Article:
Q: “Mr. Witness, let me return you to my question. Isn’t it true that you filed for bankruptcy on October 5, 2016?”

A: “I did. But as I explained I had no choice.”

Q: “So the answer to my question is ‘yes,’ you filed for bankruptcy on October 5, 2016.”

Most witnesses will be hesitant to offer the same lengthy response a second or third time.[91] Should they persist, however, a non-responsive objection would be warranted, and at that point likely sustained by the judge.[92] This repetition approach will only be effective if the initial question is absolutely clear.[93] It must be free of ambiguities, obvious characterizations, or compound facts. The downside of the third approach is that the witness has once again repeated her position—the same response she offered during her direct examination and will most likely offer again during her redirect examination. But this is of little concern, as her explanation cannot be censored—it is there for all to hear. What is important during cross-examination is the repetition of the question-assertion to drive home the examiner’s point. Further, witnesses who do not cooperate and fail to directly answer a question signal to the jury their evasiveness and even aggression, potentially impugning their own credibility.[94]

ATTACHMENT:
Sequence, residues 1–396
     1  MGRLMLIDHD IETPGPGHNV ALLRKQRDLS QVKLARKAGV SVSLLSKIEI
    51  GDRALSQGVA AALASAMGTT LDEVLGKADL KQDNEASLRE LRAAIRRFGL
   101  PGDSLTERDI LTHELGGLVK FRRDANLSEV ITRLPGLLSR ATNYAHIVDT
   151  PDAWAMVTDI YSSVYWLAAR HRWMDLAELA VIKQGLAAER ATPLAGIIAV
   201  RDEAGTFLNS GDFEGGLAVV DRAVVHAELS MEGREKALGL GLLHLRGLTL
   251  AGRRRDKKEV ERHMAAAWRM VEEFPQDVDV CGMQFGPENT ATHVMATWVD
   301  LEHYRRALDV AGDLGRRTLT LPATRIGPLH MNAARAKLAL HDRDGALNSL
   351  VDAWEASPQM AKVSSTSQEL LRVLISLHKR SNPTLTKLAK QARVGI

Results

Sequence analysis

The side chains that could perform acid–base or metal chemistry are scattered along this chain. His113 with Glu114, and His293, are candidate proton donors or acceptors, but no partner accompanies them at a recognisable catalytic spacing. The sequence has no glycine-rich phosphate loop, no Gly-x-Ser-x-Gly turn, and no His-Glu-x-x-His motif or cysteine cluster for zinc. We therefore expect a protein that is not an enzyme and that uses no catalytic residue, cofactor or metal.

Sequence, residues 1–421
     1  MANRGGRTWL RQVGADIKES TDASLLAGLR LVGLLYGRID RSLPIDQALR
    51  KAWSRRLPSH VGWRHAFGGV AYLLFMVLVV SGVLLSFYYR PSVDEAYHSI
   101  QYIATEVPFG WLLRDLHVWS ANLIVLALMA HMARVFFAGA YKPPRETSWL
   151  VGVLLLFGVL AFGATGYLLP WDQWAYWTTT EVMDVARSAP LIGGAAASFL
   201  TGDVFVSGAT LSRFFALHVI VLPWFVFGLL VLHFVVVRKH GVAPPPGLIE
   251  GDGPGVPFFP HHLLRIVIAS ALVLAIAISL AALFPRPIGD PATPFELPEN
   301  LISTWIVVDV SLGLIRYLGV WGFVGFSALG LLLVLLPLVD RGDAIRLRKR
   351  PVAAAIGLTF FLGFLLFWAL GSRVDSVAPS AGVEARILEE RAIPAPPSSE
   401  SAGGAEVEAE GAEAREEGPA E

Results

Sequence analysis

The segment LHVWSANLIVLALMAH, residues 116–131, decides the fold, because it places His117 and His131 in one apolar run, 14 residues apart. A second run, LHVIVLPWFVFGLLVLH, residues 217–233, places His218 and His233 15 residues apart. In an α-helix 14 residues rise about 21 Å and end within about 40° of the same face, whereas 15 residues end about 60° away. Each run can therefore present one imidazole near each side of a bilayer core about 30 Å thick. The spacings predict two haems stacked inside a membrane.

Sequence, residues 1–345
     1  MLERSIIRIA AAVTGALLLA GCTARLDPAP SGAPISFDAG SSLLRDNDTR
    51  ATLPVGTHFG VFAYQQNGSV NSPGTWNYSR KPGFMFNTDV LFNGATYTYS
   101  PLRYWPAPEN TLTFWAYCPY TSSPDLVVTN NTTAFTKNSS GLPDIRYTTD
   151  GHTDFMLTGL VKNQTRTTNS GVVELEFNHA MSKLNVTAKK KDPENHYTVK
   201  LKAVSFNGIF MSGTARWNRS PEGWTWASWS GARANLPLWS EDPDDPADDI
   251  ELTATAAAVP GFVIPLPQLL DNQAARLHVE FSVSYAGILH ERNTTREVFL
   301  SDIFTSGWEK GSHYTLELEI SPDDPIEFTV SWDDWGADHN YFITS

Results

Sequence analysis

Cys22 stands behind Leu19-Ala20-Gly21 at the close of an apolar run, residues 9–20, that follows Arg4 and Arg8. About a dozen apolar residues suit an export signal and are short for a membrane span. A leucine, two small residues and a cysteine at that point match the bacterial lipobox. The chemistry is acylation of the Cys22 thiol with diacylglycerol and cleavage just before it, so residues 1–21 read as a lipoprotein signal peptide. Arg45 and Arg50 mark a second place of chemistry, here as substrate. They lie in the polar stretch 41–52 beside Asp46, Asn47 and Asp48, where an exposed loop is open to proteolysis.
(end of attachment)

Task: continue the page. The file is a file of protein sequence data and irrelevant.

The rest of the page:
One particularly striking example comes from the cross-examination of Charles Guiteau, who was tried for the assassination of President Garfield in 1881.[95] Guiteau claimed he shot Garfield because God commanded him to—not surprisingly, the defendant pleaded insanity.[96] Guiteau testified at the trial, plainly squirming under the prosecutor’s cross-examination which attempted to make clear that the actions of Guiteau were his alone.[97] Guiteau resisted the assertion that his actions were wholly his own: